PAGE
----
Vaccine nationalism will hinder our ability to effectively combat covid-19
This month, Tedros Adhanom Ghebreyesus, Director General of the World Health Organization (WHO), repeated his concerns about the ugly face of vaccine nationalism. “Vaccine nationalism hurts us all and is self-defeating…. Remember, ending this pandemic is one of humanities great races, and whether we like it or not, we will win or lose this race together.” Last week he added that the world is on the brink of a catastrophic moral failure.
Failure to address structural and systemic inequalities in the acquisition and delivery of vaccinations is an ethical and moral issue of fairness, between and within all countries. But beyond the profound ethical dimension, no region or nation can truly be free of the pandemic until all nations are free of it. With this in mind, equity is a practical and pragmatic concern for all. Until there is an international consensus and coordinated operational strategy, the virus will find new vulnerable populations and continue to spread. It will neither respect international boundaries, nor be limited or eradicated by sporadic vaccination coverage across different populations and countries. It will continue to replicate and mutate to new and as yet unpredictable forms of the virus. These potentially limit the effectiveness of current and future vaccines, further threatening the world’s health and economic prosperity. Efforts within countries to use their vaccine programmes to generate local herd immunity will be unlikely to succeed. As a result, there will remain a continued need for lockdown restrictions within countries and for restrictions on international travel—variably and inadequately implemented by individual countries.
The potential for chaotic differences in vaccination policies between countries will threaten our collective ability to control and suppress the virus worldwide. Given the potential for further virus mutations, some of which may be vaccine-resistant, the need for a coordinated global approach to vaccination through the lens of equity has never been more evident. Governments must commit to overcoming the ugly face of “vaccine nationalism” and replace it with “vaccine internationalism.”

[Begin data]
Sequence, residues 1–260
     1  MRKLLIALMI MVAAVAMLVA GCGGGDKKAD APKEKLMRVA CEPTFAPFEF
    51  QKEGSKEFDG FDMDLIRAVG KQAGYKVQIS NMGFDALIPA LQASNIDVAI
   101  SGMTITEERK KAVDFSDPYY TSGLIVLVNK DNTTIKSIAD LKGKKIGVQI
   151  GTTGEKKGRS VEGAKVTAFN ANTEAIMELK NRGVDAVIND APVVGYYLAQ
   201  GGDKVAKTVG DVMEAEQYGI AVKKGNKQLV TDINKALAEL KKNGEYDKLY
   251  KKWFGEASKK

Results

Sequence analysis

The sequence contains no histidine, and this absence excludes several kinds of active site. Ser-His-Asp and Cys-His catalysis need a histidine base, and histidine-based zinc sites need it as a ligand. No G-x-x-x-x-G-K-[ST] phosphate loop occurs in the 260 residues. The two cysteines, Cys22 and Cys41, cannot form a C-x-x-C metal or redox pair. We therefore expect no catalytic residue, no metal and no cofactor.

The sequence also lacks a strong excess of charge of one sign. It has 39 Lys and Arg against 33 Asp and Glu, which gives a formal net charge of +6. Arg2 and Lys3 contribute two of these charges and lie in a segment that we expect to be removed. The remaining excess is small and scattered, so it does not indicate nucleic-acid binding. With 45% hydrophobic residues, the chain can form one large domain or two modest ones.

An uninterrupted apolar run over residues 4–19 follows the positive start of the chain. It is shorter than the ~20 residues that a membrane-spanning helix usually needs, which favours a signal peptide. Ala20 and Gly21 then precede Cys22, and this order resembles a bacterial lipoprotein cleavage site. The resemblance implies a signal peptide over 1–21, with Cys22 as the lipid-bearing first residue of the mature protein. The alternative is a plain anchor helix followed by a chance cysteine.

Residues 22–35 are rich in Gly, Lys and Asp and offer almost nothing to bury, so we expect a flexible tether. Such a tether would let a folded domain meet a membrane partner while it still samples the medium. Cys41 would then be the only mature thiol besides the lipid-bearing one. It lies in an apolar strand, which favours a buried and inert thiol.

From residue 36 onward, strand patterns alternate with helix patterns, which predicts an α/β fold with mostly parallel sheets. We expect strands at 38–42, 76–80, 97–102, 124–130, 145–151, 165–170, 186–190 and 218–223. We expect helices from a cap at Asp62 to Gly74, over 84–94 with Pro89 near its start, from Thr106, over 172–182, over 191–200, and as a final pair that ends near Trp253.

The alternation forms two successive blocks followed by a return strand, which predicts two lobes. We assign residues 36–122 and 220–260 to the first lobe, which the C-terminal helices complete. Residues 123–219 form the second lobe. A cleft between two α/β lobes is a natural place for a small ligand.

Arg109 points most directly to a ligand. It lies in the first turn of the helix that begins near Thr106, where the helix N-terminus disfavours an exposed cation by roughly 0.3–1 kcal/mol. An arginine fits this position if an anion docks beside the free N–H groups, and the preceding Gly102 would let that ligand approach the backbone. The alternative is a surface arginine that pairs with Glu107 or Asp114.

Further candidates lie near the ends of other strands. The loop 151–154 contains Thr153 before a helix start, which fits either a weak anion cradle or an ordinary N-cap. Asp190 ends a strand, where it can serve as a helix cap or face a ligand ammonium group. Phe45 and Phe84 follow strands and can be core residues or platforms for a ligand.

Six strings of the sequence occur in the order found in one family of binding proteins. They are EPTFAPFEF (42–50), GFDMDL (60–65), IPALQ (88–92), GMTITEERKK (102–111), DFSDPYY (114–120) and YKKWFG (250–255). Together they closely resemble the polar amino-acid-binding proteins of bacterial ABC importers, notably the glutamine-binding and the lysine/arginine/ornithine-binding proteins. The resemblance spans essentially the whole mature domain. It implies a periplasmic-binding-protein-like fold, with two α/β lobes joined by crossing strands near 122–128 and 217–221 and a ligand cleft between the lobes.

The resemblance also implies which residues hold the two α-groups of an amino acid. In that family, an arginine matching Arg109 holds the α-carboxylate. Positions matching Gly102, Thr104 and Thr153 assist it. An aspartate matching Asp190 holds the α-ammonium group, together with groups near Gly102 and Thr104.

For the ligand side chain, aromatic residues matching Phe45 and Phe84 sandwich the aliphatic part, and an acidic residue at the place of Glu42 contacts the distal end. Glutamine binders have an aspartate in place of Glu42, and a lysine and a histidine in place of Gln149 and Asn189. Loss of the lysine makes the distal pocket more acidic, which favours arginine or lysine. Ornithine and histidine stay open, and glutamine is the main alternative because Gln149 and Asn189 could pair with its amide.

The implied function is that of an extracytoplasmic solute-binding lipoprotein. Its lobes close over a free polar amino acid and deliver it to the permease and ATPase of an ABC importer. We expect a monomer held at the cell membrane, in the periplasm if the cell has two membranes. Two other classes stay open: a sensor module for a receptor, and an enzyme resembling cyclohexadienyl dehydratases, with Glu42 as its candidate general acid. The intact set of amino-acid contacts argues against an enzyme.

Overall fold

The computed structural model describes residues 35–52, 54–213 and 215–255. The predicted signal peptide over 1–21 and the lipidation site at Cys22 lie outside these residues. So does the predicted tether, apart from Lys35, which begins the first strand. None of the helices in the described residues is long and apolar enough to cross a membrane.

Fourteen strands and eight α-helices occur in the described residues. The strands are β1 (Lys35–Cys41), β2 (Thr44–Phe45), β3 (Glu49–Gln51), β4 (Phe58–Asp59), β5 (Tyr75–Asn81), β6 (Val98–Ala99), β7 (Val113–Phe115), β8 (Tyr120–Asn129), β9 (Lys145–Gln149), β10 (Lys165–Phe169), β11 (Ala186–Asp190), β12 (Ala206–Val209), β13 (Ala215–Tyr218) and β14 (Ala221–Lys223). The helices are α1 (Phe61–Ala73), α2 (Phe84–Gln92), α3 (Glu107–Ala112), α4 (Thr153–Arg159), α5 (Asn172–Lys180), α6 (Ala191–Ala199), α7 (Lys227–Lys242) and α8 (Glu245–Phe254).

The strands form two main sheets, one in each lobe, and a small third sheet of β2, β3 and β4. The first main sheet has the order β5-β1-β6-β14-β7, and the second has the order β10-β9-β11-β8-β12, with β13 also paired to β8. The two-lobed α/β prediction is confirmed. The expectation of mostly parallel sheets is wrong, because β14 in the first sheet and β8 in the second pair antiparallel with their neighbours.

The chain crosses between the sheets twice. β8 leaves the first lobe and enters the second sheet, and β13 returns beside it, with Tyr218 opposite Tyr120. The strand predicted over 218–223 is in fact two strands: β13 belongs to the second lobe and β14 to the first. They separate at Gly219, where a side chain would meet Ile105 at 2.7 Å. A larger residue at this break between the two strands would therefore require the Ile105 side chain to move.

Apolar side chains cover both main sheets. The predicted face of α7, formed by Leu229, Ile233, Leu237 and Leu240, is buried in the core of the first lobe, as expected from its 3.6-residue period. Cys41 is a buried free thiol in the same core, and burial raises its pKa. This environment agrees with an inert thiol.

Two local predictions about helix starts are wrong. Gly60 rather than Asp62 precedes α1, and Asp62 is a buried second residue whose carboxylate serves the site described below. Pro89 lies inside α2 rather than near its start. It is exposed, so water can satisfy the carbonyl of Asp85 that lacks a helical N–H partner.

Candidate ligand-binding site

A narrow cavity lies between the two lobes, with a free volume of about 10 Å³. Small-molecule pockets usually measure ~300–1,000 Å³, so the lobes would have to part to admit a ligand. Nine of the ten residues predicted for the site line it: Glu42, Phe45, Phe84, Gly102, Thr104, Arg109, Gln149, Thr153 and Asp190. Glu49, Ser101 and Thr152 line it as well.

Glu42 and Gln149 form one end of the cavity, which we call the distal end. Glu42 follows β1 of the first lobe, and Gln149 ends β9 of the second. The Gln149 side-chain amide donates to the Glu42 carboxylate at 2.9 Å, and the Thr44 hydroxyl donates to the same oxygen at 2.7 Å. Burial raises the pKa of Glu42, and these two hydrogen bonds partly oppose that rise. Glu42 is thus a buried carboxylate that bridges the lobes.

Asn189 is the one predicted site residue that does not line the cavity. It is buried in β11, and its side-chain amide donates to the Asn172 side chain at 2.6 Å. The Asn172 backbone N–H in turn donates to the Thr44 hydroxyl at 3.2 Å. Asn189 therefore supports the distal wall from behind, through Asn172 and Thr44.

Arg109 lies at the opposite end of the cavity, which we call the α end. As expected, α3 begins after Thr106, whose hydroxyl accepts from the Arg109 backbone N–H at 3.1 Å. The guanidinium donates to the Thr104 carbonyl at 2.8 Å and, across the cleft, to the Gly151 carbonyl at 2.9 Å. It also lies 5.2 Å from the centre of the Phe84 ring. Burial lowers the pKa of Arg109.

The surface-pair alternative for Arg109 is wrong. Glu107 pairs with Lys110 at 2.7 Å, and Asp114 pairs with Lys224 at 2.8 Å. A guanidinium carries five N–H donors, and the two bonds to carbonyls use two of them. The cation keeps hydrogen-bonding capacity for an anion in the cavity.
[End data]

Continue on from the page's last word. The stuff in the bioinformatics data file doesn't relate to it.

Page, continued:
The COVAX programme has overcome scientific, legal barriers, logistical and regulatory barriers and grows in its capacity to deliver. International partners with the WHO have secured 2 billion doses sufficient for one fifth of the world’s population and planned to be delivered by the end of 2021. It is insufficient to suppress the spread of SARS-COV-2 and to prevent further mutations arising where the virus continues to proliferate. Wealthy countries like Canada, UK, USA, and the European Union, have purchased vaccines greatly in excess of their per capita needs. Forty four countries signed bilateral deals in 2020 and 12 more have signed this year already. This is driving up the prices of vaccines and placing poorer countries at an even worse disadvantage. The WHO says 95% of Covid-19 vaccine doses administered globally so far limited to 10 countries.
Tedros recognises that wealthy countries are right to want their vulnerable and elderly populations vaccinated, but questions why they should move on to lower priority groups at a time when many countries worldwide cannot vaccinate even these priority groups. He pleads for wealthy countries to be willing to share their stocks to enable fairer coverage of high risk groups around the globe.
National governments must commit to international leadership of the vaccination effort through the WHO, supported by other key international agencies. They should adopt an international consensus with a clear strategy on moving towards the reduction of the virus spread. It is not merely a question of obtaining funding to support poorer countries in access to vaccines. Co-ordinated international effort is needed to ensure that vaccine deployment programmes are comprehensive and fit for purpose, with considerations made regarding the circumstances within countries in which they are administered (e.g. the Pfizer vaccine is unsuitable without expensive refrigeration below -70 celsius for transportation).